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Tuesday, March 30, 2010

The "Hide the Ballpark" Exam and the Importance of Telling Students What You Want (and Don't Want) on an Exam

Students often lament that law professors give "hide the ball" exams. In other words, professors give exams where even many students who knew the material well didn't know that an exam question triggered a certain analysis. If you remember back to law school, you can probably remember having or hearing some of these conversations after exams (unless you wisely avoiding discussing exams after taking them). "There was a Fourth Amendment issue on question 1?" "I was supposed to address hearsay and authentication in question 2?" "Question 3 dealt with a shifting executory interest and a springing executory interest?" Most professors say that we do not hide the ball, but of course to a certain extent we do. Unless on my Evidence exam I have Declarant Dan screaming out "That blue car ran the red light!" and ask students, "Was this an excited utterance?" I am hiding the ball to an extent.

And we have to do this to a certain extent as law professors because we have to sort students along the grading curve. Chief Justice Roberts famously proclaimed that "Judges are like umpires." Well, law professors are like pitchers. We can't simply tell students, "I'm about to throw you a fastball." If so, we wouldn't really be testing students' ability to think critically and wouldn't be able to sort Pedro Cerrano from Albert Pujols. Of course, we don't want to hide the ball too much lest every student strike out, but a little bit of pitch disguising can help identify the All Stars.

I think, though, that a more egregious problem is what I call the "hide the ballpark" exam. This is an exam where even students who knew the material (and the issues on the exam) didn't know how to write answers to the exam. "You argued public policy on the exam?" "You argued both sides of the issue?" "You wrote answers in outline form?" "You wrote to argue that this point of law clearly didn't apply?"
I see this as a more egregious problem because (a) it is so easy for professors to avoid, and (b) it makes student grades much more random than the "hide the ball" exam. With regard to the former point, professors merely need to tell students what they want on their exams and what they don't want. You can even take it further. I give an ungraded midterm to students and then give them back individualized answer keys breaking down exactly how I score exams. With regard to the latter point, it at least takes some skill to determine that a nearly inscrutable question triggered an Erie analysis. Conversely, it's completely random which student determines that a professor loathes IRAC unless the professor communicates this fact to the class.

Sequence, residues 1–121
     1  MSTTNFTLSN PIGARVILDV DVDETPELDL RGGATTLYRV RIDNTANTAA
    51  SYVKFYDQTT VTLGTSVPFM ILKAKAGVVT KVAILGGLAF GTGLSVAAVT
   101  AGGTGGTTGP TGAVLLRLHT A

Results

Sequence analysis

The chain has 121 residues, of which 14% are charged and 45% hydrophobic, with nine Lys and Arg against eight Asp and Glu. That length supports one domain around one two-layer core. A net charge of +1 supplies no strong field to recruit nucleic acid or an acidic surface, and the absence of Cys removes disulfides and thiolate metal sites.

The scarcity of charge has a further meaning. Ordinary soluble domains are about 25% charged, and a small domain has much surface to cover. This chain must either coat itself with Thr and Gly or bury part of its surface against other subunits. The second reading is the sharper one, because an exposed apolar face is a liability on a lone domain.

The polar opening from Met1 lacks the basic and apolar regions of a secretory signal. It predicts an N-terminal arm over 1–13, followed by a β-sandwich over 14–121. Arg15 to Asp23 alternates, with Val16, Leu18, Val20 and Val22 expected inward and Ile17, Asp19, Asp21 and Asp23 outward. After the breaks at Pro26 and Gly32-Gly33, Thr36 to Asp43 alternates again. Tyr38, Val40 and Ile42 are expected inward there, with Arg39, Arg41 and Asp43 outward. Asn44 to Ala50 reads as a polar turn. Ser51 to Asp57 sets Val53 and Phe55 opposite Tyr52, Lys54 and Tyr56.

I call such an exam a "hide the ballpark" exam because it would be as if the professor is pitching to a student who doesn't know what ballpark he is in. A student hoping to make law review is given a difficult pitch. Does he try to hit a home run to right field? Yes...if he is at the new Yankee Stadium. No...if he is at Fenway Park. And does it even make sense for the student to swing for the fences at all? Yes...if he is at Coors Field. No...if he is at Petco Park.
It is great if law professors give students prior exams for practice. And it is great if law professors write their exams in way that is not completely inscrutable. But none of this matters unless students know how professors want their exams to be written. And from what students tell me, this is something that too many professors fail to do.
-Colin Miller 

Posted by Evidence ProfBlogger on March 30, 2010 at 12:02 PM in Teaching Law | Permalink


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Prof. Miller-
I really appreciate this post. As a current law student, I find it is tremendously helpful to let students know the location of the ballpark at which they are to perform. I believe that an ungraded (or graded) midterm is a fantastic idea, so that students (and the prof) can 'calibrate' themselves to each other.

It has always baffled me when profs decline to even provide one practice question, much less a practice exam. Then, when I show up to the exam, I am inevitably surprised by the approach taken by the prof in writing the exam.

Posted by: Joel Leppard | Apr 14, 2010 12:25:15 PM

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